Findings of the Legislature

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1 A bill to be entitled An act relating to Broward County providing for provision of a code of ethics for the School Board of Broward County; providing that individual members of the School Board shall not interfere with daily operations of the School District; providing that the School Board of Broward County and the Broward County School District are subject to investigation and report by the independent Broward County Office of Inspector General; providing an effective date. Findings of the Legislature Various public officials throughout South Florida have recently been charged with public corruption and the misuse of office. This included two sitting members of the Broward County School Board. Misconduct involving abuse, corruption, fraud, and mismanagement by elected and appointed local government officials and employees of the Broward County Public Schools, it s contractors, and other parties doing business with the Broward County Public Schools undermines public confidence in Broward Public Schools and prevents Broward School District from operating honestly, efficiently, and effectively. On January 21 st of 2010 the final report of the 19 th Statewide Grand Jury in the Supreme Court of the State of Florida case number SC was published. The report related solely to the investigation of the School Board of Broward County and Broward County School District. Said report contained among its findings the below language: The Broward County School District is the 6 th largest district in the country and the 2 nd largest in the State despite declining enrollment over the last six years. According to this year s preliminary Twentieth Day Enrollment report, current enrollment is 233,598, a decrease of 1003 students over the last year s numbers. Over those same six years the number of students opting to go to charter schools has increased from 15,136 to 23,274, including an increase of 2672 last year. 1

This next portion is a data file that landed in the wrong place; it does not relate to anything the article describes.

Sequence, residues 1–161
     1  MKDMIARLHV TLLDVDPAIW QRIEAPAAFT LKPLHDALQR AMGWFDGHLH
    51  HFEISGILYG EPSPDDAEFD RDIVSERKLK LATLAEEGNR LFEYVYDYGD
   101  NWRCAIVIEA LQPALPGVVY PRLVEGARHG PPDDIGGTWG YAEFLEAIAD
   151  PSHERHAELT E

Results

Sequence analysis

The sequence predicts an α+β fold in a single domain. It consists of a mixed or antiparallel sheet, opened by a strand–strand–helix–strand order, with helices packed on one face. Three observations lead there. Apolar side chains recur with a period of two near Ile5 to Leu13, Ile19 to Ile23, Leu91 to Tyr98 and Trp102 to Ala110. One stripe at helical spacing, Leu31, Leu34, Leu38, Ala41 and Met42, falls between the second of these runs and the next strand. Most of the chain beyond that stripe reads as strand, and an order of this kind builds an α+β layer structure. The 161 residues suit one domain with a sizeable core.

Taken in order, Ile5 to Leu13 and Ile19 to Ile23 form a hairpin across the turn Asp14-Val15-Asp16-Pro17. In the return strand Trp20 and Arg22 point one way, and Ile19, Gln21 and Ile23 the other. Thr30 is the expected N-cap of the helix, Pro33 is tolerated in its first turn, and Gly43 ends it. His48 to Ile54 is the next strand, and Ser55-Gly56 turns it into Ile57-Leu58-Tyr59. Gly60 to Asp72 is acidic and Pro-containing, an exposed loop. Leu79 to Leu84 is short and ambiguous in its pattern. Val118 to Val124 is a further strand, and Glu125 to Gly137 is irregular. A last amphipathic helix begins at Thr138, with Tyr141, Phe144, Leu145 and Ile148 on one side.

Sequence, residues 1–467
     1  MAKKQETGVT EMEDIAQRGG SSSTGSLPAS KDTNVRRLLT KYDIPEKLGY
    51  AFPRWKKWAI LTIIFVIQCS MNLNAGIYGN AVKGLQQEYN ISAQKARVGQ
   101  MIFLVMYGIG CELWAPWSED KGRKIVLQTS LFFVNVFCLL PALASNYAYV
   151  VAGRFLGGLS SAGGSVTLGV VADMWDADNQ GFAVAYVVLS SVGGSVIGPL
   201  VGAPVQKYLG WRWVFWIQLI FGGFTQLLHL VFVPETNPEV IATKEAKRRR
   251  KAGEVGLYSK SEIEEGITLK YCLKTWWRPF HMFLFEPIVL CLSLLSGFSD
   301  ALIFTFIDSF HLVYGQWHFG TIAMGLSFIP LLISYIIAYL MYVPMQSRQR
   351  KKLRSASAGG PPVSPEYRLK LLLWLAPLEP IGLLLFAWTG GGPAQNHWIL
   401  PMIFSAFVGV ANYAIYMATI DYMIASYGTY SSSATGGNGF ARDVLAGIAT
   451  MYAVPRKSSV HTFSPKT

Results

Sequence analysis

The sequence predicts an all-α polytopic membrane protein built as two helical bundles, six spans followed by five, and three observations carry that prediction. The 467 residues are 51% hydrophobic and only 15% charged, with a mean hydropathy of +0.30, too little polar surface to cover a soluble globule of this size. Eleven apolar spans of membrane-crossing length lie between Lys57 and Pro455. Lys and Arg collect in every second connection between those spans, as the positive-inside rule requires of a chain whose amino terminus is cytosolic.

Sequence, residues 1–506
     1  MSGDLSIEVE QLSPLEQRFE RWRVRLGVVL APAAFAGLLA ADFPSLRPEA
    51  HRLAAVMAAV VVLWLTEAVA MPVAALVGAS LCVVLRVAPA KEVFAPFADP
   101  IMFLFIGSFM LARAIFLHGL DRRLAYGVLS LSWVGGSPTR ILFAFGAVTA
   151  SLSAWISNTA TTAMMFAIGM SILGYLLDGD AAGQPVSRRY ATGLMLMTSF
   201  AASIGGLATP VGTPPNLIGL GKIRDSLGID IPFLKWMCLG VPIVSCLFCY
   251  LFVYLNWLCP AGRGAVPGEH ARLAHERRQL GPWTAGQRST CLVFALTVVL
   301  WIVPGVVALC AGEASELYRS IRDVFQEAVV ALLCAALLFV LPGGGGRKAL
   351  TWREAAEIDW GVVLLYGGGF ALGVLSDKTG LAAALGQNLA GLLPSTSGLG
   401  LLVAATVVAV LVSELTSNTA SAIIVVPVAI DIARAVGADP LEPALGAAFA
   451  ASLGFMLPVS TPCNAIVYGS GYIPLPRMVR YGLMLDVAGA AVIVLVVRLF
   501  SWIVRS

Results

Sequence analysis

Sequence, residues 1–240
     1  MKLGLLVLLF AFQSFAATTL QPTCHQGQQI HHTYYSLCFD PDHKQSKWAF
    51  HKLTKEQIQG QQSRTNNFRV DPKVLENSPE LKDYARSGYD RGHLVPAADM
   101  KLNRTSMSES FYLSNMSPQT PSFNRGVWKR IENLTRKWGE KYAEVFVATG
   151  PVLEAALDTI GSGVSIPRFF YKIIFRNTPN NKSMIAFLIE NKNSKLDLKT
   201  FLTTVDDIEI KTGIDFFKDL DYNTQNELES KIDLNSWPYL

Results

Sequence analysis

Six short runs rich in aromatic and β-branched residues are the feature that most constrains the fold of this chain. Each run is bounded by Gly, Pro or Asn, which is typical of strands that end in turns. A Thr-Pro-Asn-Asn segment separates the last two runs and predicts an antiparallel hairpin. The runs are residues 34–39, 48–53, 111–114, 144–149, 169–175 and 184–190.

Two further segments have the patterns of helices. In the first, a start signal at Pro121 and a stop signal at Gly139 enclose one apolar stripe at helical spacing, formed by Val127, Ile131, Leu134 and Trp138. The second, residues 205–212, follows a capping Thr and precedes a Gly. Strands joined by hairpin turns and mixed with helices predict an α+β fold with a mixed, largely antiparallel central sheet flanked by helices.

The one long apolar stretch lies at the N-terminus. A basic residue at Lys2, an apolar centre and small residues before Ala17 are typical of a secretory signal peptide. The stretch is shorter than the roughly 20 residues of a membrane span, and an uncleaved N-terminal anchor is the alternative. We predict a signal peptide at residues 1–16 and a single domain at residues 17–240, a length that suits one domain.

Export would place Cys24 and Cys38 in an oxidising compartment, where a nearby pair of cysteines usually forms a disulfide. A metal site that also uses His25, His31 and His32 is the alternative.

2 Over the last 5 years the annual budget has averaged $4.65 billion, even larger than the county budget. In fact it is the biggest portion of the property tax for property owners in Broward. Pursuant to Art. IX, section 4 of the Florida Constitution, each county must have an elected School Board consisting of five or more members and either an appointed or an elected Superintendent. The members can be elected either district wide or from single-member districts. Broward has nine School Board members and an appointed Superintendent. The only responsibility of the School Board articulated in the Constitution, other than a general one of shall operate, control and supervise all free public schools, is setting the tax rate. More detail is set out in Chapters 1001 and 1003 of the Florida Statutes The evidence we have been presented concerning the malfeasance, misfeasance and nonfeasance of the Broward County School Board (Board) and of the senior management of the Broward County School District, (District) and of the gross mismanagement and apparent ineptitude of so many individuals at so many levels is so overwhelming that we cannot imagine any level of incompetence that would explain what we have seen. Therefore we are reluctantly compelled to conclude that at least some of this behavior can best be explained by corruption of our officials by contractors, vendors and their lobbyists. Moreover, many of the problems we identified in our inquiry are longstanding and have been pointed out by at least two previous Grand Juries. But for the Constitutional mandate that requires an elected School Board for each District, our first and foremost recommendation would have been to abolish the Broward County School Board altogether. Not that there aren t employees who work hard and do a good job, there are plenty of those. But the ones who point out problems and advocate change are quickly marginalized and punished. The culture of misfeasance and malfeasance at the school district is so deeply ingrained, so longstanding and so severe that we believe they will either be subsumed into the existing culture or drummed out of the District as soon as current attention is diverted from the Board and District. Despite warnings from the rank and file, their own internal auditors and even previous Grand Jury reports the Board for years has acted in apparent blissful ignorance of these critical issues. To date, their strongest response has been to lash out at the auditors doing their jobs; attempting to kill the messengers, rather than deal with the issues they bring to their attention. 2